Before the lights went down at Hollywood’s iconic Pantages Theater for red Millof the North American tour, the ensemble struts around the extravagant set as a preview of what’s to come. With a windmill on one side of the stage and a massive elephant on the other, the flamboyant spectacle fits perfectly into the sumptuous Pantages theatre.
“Some shows come to the Pantages, and it looks like the show was made specifically for the Pantages,” said Hollywood Pantages Theater president Jeff Loeb. “I love watching patrons walk into the lobby who have never been there before, gobsmacked at the beauty of the theater itself. Then you walk into the auditorium, and the light shows immediately transport you with the theater. It’s a concert with the architecture of the theater. Then the pre-show starts and it kind of starts in this slow motion of, ‘Wow, you really aren’t sitting on the corner of Hollywood and Vine anymore. ‘ You are in a very special place. And this is the world of red Mill.”
The show, which opened on Broadway in 2019, is the musical adaptation of Baz Luhrmann’s much-loved 2001 classic film. The story follows Christian (played in Los Angeles by Conor Ryan), a young composer, who falls in love with cabaret actress and Moulin Rouge star Satine (played by Courtney Reed). The musical updates the film with a more modern mix of songs and an added live performance twist. Like the film, the musical score weaves original songs with popular music from Katy Perry, Sia, Walk the Moon, Pink and The Police.
“Los Angeles is an artistic mecca in America,” says director Alex Timbers. “[Moulin Rouge] is a show about a group of people trying to put on a show. Christian is an artist who arrives with so much hope and optimism from another world and is just dazzled by what he is going through. I think this metaphor of what it’s like to be an artist coming to LA, and to be blown away by the kind of adventurous spirits there, is really fitting.
Audiences in Los Angeles in particular went wild for the six-minute Act 2 opener “Backstage Romance,” a number that often elicits breathtaking standing ovations. On opening night, the applause lasted four minutes.
“It always got a really good response, but it never stopped the show,” recalls Austin Durant, who plays Harold Zidler on the show. “Not in the same way as it is with us. But, you know, it’s not a science, it doesn’t happen on every show. It’s pretty exciting to hear that kind of response from an audience.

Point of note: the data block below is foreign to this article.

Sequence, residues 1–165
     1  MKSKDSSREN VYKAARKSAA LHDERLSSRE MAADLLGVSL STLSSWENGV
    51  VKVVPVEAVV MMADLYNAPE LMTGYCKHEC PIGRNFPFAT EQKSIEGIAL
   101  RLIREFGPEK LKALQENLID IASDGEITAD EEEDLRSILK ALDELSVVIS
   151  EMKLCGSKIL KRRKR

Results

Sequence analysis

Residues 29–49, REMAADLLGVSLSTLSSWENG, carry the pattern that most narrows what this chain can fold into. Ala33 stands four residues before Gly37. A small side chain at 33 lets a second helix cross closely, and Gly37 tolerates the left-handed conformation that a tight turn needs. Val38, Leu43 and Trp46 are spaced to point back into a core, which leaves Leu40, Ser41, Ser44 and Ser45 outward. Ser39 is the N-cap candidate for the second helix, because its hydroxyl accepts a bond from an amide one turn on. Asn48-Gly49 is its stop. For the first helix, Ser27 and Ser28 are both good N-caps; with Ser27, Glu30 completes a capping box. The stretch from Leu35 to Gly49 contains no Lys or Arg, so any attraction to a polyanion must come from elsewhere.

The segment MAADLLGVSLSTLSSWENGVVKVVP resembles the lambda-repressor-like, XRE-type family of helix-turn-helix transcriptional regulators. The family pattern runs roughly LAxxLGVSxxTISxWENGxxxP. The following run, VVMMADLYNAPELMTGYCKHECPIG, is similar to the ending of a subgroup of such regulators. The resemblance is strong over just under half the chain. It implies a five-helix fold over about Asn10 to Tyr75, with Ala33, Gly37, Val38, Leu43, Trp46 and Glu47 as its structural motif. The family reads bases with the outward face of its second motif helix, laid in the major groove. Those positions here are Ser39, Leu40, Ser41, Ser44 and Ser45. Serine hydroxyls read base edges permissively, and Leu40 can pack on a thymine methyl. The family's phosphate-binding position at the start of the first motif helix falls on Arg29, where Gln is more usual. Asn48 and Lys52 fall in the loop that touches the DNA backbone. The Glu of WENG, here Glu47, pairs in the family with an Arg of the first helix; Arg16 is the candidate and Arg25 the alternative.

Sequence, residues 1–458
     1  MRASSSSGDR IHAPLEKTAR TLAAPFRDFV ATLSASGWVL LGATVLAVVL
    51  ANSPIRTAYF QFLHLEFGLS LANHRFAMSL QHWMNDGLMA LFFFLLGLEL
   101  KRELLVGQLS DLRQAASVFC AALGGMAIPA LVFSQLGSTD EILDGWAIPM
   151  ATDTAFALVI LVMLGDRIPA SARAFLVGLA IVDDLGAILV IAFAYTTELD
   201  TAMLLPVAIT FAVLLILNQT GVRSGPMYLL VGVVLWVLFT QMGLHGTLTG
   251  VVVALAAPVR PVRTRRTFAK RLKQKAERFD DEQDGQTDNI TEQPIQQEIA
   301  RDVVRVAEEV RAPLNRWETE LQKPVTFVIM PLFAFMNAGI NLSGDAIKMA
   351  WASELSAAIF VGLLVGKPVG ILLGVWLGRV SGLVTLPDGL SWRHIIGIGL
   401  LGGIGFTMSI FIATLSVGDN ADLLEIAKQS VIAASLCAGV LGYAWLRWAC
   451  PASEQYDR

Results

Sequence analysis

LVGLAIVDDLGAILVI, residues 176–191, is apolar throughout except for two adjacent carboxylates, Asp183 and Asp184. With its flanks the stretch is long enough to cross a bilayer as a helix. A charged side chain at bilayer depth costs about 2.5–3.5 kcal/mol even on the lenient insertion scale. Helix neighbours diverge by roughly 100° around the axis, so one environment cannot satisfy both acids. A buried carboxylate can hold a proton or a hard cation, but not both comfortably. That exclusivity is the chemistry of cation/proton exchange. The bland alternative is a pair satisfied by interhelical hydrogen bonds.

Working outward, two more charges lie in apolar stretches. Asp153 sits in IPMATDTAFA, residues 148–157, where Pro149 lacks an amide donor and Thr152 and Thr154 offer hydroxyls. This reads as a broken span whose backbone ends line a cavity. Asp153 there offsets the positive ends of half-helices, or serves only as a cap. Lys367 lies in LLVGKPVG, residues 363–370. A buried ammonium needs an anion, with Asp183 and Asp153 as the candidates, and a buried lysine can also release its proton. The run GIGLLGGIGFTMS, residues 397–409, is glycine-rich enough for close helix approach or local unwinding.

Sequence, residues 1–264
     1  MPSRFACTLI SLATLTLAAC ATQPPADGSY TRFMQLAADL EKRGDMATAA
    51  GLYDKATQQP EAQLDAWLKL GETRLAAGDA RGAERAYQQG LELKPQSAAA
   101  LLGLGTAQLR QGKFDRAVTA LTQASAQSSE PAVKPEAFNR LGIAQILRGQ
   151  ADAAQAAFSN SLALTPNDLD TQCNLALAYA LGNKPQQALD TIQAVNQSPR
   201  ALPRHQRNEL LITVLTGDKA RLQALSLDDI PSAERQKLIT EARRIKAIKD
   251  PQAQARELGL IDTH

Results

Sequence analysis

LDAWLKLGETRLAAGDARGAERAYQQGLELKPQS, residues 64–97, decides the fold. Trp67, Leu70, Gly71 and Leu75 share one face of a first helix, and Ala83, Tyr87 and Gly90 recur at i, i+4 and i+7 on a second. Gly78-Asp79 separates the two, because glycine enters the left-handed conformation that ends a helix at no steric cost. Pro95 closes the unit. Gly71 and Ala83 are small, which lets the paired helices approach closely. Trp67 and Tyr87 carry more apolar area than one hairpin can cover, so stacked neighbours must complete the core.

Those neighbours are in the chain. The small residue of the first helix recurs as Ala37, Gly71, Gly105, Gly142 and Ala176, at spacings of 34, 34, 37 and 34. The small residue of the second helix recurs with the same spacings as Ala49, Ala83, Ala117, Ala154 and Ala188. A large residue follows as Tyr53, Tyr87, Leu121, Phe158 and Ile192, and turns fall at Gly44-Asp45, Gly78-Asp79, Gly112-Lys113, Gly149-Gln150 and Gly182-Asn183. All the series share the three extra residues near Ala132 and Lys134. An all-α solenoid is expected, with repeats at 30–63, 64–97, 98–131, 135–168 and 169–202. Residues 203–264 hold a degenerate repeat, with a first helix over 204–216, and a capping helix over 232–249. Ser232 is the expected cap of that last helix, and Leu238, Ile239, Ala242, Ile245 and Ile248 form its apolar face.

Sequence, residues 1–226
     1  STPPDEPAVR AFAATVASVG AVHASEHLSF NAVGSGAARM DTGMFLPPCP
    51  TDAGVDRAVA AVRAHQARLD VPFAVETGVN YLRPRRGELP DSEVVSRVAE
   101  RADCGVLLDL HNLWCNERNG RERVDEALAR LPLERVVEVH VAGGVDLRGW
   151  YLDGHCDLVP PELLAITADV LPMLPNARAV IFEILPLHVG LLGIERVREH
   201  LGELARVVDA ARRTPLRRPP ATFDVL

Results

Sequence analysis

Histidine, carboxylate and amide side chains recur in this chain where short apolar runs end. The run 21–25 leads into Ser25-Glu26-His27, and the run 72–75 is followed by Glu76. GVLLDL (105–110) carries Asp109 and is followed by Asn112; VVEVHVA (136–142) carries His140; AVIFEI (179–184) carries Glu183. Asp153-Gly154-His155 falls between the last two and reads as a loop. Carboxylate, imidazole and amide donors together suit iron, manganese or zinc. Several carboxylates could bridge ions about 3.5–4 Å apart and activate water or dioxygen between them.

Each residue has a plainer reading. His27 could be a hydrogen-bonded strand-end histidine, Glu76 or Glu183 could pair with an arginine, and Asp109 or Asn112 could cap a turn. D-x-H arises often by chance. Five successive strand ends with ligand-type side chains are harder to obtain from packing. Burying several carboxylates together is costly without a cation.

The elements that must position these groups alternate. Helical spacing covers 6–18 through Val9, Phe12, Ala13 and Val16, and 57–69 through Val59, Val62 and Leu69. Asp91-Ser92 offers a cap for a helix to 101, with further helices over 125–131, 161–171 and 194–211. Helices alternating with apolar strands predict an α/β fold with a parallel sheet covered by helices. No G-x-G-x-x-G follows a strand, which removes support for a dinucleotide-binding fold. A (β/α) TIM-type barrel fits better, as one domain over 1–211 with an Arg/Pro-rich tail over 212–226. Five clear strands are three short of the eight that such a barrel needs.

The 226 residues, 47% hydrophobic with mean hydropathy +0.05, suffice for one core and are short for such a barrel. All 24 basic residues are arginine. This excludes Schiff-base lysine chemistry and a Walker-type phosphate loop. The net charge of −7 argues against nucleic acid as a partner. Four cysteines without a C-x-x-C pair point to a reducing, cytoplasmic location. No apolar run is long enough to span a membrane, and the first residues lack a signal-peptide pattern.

“The audience is with us, and it’s really fun,” adds Libby Lloyd, who plays a big part in the “Backstage Romance” dance number as Nini. “This energy, we can feel it. When people stay standing in the encore, like, they’re not ready to sit down, they want to be part of the dance party, that’s the end of the show and kind of a release from the emotional journey that they’ve been on on. They join in the celebration of what we do.
Nearly a year after Broadway returned to shows following the COVID-19 shutdown, red Mill is the second show to grace the Pantages stage post-pandemic, after hamilton. After live shows mostly disappeared from stages at the start of the pandemic, such performances have made a comeback, with the return of audiences as well.
“I love work that recognizes the audience is there,” says director Alex Timbers, referring to the show’s tendency to break down the fourth wall. “That we’re all in a collective storytelling experience in those moments where you feel a kind of ecstatic joy with the actors: there’s nothing like it. This is the kind of work I really want to see right now, after theater has been gone for so long. We’re happy to be part of a show that does that.
Heading into the final weeks of the show at the Pantages, the theater expects greater demand for tickets than ever. Throughout his stay in each city, Durant noticed that red Mill seems to be becoming a fan following, with “repeat offenders” returning multiple nights.
“I’ve never been on a show where I’ve talked to people who’ve seen it 10 times,” Durant says. “There is this kind of draw.”
“Whoever you are, whatever type of person you identify with, whatever your thoughts, your beliefs, your political stance, you are welcome at the Moulin Rouge,” Lloyd adds. “I feel like it’s such an escape for people. It’s an escape but it’s also a heartbreaking story. So I think people are really connecting to that, even more than before the pandemic, just hanging on to that sense of some of our core beliefs that we hold dear as human beings – truth, beauty , freedom, love.
These are the four principles of the series: truth, beauty, freedom and love. These themes seem to have particularly resonated with audiences, according to Lloyd and other senior production members, after the high-profile June Supreme Court ruling quashing Roe vs. Wade.
At the start of the show, Christian claims he came to France to escape his “suffocating life in America” - a sentiment that many audience members made clear out loud during performances.
“That week, after everything that was happening, the audience was screaming after he said that line, which normally wasn’t something that happened,” Lloyd explains. “I think, given our country and the pandemic and the changes that are happening, I think it’s really poignant for every audience in different ways, which is something I love about acting. You can get what you need out of it.
red Mill plays at the Pantages Theater until September 4.